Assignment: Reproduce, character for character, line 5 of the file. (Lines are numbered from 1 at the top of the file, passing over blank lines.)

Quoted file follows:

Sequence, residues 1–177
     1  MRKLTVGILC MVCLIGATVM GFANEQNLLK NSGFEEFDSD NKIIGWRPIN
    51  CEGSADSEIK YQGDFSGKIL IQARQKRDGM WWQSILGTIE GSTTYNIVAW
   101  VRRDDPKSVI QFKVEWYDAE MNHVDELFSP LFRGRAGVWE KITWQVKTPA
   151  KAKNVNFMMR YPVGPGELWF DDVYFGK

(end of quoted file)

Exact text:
   151  KAKNVNFMMR YPVGPGELWF DDVYFGK